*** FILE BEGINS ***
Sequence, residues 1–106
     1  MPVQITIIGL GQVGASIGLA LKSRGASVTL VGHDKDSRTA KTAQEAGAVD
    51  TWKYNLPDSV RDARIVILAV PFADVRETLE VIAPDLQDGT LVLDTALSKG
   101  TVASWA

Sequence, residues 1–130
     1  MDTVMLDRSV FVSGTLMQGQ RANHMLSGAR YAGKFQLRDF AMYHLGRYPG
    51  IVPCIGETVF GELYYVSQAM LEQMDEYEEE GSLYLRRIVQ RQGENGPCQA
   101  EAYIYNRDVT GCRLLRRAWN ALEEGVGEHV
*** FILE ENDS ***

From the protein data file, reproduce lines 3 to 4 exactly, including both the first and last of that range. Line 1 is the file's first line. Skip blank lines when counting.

    51  TWKYNLPDSV RDARIVILAV PFADVRETLE VIAPDLQDGT LVLDTALSKG
   101  TVASWA